5G will bring about many changes throughout the next decade and will change the way we interact with technology on a day-to-day basis,
With its ultra-fast speeds and unprecedented response times, the complex information that can be transmitted through 5G’s High Band frequencies has the potential for and virtually unlimited possibilities for growth and advancement in nearly every industrial sector of the economy.
From health, transportation, manufacturing and smart devices to VR applications, many of the most advanced technological uses of 5G are just now being designed and will take years before they become a staple of modern-day life.
Improved Broadband and Cellular Capabilities
The faster speeds and large amounts of unused bandwidth of 5G’s High Band range will be very important in the continued use and growth of commercial broadband service. In many metropolitan areas, capacity for 4G services are running low and users have experienced reduced speeds during certain times of the day.
Public Health and Safety
5G will drastically change how metropolitan areas will use technology. Communication with various cameras and sensors across city streets can alert authorities, utility companies and emergency responders to various situations needing assistance from traffic issues to natural disasters to allow them to operate more efficiently and respond more quickly.
5G will also play a key role in the future of health care. Improvements in telemedicine, patient monitoring, virtual physical therapy treatments and remote surgeries will soon be commonplace.
5G will be instrumental in the future development of autonomous vehicles and traffic control. Autonomous vehicles will be able to communicate with other vehicles on the road and share information about accidents, traffic slowdowns or road conditions. The advanced learning through these vehicle-to-vehicle communications could make driving safer and save lives.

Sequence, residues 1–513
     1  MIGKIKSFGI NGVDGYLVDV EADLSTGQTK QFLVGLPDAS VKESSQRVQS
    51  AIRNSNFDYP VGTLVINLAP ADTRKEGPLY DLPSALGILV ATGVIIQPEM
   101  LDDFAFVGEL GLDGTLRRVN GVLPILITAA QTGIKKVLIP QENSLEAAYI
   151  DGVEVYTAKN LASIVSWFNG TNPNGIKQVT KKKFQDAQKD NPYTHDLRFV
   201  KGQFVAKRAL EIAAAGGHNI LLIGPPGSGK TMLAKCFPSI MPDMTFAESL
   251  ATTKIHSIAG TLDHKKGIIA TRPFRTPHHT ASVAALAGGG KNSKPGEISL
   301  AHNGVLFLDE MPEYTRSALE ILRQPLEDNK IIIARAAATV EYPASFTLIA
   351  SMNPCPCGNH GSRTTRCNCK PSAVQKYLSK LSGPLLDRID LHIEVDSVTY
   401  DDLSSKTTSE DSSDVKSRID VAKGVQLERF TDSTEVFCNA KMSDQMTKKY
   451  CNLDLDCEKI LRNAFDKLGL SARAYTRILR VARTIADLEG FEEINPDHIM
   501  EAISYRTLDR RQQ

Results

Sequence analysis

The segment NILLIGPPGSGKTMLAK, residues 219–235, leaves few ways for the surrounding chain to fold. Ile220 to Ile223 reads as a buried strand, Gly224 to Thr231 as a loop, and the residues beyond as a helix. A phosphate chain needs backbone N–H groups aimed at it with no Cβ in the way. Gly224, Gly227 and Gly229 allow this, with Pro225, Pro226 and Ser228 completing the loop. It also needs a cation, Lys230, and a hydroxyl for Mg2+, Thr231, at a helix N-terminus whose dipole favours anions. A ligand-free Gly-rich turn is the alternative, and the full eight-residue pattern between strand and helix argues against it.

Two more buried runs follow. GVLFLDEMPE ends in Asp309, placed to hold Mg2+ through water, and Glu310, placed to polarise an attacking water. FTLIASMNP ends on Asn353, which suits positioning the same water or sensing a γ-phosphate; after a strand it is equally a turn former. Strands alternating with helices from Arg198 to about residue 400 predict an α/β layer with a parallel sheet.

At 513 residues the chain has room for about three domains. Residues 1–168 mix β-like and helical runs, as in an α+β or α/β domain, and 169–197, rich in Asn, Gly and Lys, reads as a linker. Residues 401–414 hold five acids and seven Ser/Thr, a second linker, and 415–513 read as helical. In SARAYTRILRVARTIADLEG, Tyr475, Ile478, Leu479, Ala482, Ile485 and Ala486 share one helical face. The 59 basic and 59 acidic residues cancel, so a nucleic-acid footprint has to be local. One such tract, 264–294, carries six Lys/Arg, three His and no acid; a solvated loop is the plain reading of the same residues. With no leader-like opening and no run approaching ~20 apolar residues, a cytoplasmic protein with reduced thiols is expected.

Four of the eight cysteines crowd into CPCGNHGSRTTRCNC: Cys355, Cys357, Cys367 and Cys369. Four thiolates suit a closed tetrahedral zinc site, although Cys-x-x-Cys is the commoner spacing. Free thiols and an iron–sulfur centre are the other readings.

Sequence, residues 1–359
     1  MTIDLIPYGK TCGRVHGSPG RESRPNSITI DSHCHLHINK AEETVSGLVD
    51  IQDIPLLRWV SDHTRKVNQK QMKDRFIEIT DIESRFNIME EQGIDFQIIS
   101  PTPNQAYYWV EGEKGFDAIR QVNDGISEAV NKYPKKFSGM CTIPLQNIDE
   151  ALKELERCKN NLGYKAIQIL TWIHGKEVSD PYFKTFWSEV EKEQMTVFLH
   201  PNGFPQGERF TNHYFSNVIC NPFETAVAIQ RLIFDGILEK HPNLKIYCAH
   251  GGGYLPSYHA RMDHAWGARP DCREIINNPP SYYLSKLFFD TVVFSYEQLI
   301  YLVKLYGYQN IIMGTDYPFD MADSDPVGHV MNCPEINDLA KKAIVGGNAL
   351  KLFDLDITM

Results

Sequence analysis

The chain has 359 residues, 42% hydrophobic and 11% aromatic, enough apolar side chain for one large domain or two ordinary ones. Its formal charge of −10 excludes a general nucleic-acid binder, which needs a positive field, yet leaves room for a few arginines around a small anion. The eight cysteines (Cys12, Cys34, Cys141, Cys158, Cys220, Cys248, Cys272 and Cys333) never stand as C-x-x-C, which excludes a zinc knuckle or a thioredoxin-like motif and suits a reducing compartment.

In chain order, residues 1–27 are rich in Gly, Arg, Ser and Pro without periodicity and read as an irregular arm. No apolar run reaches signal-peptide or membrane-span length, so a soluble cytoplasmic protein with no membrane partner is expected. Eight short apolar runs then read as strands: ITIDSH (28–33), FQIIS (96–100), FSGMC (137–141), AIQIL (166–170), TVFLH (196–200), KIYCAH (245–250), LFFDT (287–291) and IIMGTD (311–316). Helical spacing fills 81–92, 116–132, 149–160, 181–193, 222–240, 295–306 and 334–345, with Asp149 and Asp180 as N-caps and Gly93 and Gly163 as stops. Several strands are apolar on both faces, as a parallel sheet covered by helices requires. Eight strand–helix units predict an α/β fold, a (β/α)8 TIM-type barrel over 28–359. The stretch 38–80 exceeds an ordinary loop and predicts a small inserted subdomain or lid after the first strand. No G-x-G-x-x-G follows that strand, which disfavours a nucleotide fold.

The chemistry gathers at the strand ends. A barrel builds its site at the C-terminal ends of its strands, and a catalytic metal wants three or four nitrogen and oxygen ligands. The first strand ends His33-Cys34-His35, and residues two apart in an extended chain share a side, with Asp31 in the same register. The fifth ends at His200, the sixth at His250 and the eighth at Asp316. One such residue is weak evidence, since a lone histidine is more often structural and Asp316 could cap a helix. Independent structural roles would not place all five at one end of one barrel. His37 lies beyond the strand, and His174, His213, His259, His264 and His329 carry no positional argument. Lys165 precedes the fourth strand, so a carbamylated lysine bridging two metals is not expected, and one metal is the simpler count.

Smart traffic lights could be developed to manage the traffic depending on the traffic conditions at the time to save fuel and provide more efficient traffic flow through busy city streets.
Although a number of different types of smart devices are currently being used in many homes and businesses, they require a large amount of resources and the number of devices that can connect to each other is limited due to data restrictions. 5G will make communication between smart devices seamless and efficient and allow for hundreds of devices to be connected through a single base station.
Remote Industrial Control
With the improved speeds and latency of 5G, the control of industrial machinery and robotics remotely will become widely available. Nearly any type of equipment can be operated by technicians in a control room anywhere within a facility or even operated anywhere in the world. This can be especially useful for working in hazardous environments or reducing the risk of human injuries when operating dangerous equipment.
The proper testing of 5G networks will play a vital role in its development, deployment, and operation as 5G expands into its full potential. 5G testing will need to encompass more than just verifying the coverage density and download speeds.